Sunday, July 3, 2022
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Living With COVID-19

We were confronted by many challenges in the past year. We have continued to endure the devastating effects of the COVID 19 pandemic. 106 persons have died here in SVG, and other nationals have died abroad in the USA, Canada, and UK. I believe all of us know someone who has died of COVID 19. My sympathy goes out to the families of those who died.

From the outset, I urged that this scourge, unprecedented in our lifetime, would require us to work together as a united front against it if we are to limit the damage and recover as quickly as possible. That remains the approach we must pursue, all of us, and we can here recommit ourselves to do so in the spirit of Chatoyer. We are not out of it yet. So, we must continue to protect ourselves and others around us.

We cannot let it divide us and cause more pain for some who are made to carry a heavier share of the burden than the rest of us. I also cannot stress enough that vaccines are our most powerful tool in the fight against the virus. They have saved Vincentian lives. Following our brotherhood of free nations and our values however, we believe that COVID 19 vaccination is an individual choice.

As we learn to live with COVID, we must recover from COVID’s other devastating impact – the costly loss of livelihood across our land. We must rebuild the pillars of our economy, by supporting our tourism sector to recover and by backing our farmers and fisherfolk, among other things.

We must begin to invest in the infrastructure that will support growth long into the future. We must attract sustainable investments, that are aligned with our goals of creating jobs and growing our economy. How we recover will determine our trajectory for decades to come. It will determine the job opportunities for our nation, but especially for our young people, who we cannot afford to lose to other countries with greener pastures. Our brighter future depends on keeping them here contributing to our development; giving them real opportunities to be heroes in their own way

La Soufriere Eruption

We are also recovering from the eruption of La Soufriere. When the volcano erupted last April, overnight our lives—especially those of our brothers and sister from the communities in the North–were turned upside down. Thousands fled their homes seeking refuge in safer zones. As a people, we showed our true, kind spirit and provided shelter, food, and comfort to those most severely affected. Our brothers and sisters in the region and our diaspora in the USA, Canada, and UK also gave generous support that helped our people to cope with the physical and economic disruption in their lives. But the ordeal is not yet over.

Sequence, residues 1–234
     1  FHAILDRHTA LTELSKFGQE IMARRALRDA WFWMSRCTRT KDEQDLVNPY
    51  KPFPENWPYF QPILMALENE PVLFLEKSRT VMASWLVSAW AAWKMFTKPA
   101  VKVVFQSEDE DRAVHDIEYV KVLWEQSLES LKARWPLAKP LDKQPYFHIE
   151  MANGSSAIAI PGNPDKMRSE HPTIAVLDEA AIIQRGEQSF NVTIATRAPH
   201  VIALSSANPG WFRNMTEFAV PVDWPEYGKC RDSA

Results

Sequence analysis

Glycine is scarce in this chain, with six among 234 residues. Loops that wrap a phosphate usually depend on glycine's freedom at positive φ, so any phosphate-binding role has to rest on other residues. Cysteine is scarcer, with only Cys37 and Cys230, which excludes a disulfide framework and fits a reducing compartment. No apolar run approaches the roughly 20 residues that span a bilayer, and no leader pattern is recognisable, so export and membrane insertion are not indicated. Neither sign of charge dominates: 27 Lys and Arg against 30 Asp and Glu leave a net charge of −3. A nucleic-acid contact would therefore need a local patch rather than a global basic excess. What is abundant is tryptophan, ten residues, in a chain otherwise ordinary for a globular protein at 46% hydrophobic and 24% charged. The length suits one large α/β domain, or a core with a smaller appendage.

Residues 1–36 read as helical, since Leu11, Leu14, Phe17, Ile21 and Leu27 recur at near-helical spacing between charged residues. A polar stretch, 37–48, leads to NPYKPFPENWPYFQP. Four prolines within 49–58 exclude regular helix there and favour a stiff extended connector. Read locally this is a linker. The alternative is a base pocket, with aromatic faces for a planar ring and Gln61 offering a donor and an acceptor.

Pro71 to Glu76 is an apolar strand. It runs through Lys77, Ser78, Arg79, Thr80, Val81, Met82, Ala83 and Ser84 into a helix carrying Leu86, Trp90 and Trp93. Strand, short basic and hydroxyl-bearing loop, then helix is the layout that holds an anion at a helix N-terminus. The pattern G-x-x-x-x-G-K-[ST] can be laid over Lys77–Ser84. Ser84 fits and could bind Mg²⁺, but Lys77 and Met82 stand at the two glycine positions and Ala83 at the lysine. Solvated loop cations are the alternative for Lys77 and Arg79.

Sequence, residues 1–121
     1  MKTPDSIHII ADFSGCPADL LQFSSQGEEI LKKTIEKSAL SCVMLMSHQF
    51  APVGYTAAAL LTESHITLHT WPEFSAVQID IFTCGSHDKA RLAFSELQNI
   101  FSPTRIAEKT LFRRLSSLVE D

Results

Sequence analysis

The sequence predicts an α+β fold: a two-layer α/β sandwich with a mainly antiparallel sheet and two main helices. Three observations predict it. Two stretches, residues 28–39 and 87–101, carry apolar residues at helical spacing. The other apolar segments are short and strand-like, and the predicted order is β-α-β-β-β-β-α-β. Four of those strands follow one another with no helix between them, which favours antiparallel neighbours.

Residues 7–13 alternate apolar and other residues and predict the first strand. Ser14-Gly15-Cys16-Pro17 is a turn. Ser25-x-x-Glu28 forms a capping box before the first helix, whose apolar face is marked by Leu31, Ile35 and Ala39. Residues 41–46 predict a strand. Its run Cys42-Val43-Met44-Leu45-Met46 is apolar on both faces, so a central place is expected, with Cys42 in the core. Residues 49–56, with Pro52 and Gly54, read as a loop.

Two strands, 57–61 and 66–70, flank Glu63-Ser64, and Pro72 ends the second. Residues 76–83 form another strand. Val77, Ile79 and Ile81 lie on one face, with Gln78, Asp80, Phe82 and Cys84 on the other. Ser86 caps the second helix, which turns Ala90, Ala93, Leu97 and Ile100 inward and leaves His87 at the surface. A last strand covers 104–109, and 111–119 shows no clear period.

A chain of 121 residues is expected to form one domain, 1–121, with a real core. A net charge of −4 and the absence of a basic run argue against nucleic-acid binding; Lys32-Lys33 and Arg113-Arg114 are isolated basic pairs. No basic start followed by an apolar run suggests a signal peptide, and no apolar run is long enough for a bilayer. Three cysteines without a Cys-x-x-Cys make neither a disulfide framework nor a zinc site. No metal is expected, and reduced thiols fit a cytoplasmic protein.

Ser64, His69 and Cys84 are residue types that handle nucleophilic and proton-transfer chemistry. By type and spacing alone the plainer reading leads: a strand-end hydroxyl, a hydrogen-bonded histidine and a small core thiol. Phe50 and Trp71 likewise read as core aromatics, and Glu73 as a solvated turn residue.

The rebuilding of lives, economy and communities will continue for a long time to come. But rebuild we must. And the pace must accelerate so that that life for the affected persons can return to normal, and hopefully better than before. That is a commitment we must give the people of Sandy Bay and Owia, of Chateaubelair and Fitz Hughes

Everyday Heroes

The purpose for designating national heroes is not only to recognize the outstanding contribution of the individuals so named; it is also done so that we can hold those persons up as outstanding examples for others to follow. They must serve as inspiration to our citizens.

As we were tested by the twin disasters of COVID and volcanic eruption, many people performed heroically. Throughout the pandemic, teachers, nurses, police officers, and private sector workers continued to provide service and to do so safely and effectively. They deserve praise and our gratitude. The need for their quiet heroism continues and we expect them to deliver as they have done. The same goes for those who were called to respond and did respond in a mighty way when the volcano erupted. They too are in our debt. Because not everyone who have made their mark on our nation gain due recognition for their efforts, I want to celebrate them today.

There are also many everyday heroes. Persons who perform random acts of kindness, expecting nothing in return. Those who reject cynicism and see value in community service and volunteerism. How much poorer life would be without them. So, we must encourage them and even if only on this day, say thanks and urge them on. For those who value public service and give their lives to it, whatever the cost. They who do so because they know it is noble to serve their people and that service is its own reward.

In that spirit, I must recall the service and the passing of one of our greatest nation-builders, former PM Sir James F. Mitchell. He always believed that as a nation, we could do great things. That we can punch above our weight. That we had untapped potential. He devoted his life to seeing this realized. May his example of service inspire us to give of our best during our time. These are all people who are helping to forge our nation in the true Vincy spirit. Today, I salute them all.

Defend Our Patrimony

In our pursuits, and as we push forward as a nation, we must never give up the invaluable birthright which God has given to us. Decisions on development should always balance benefits with the costs to our community. And must always involve the people in a meaningful way in that undertaking.

We are a small country. Unlike vast countries like the USA and Canada, every bit of land is precious as it must support not just us and our children, but their children also and generations well into the future. We must guard against so-called developers, their abettors and others who would sell out the future generations of our country by digging up their birthright and shipping it overseas for pennies.

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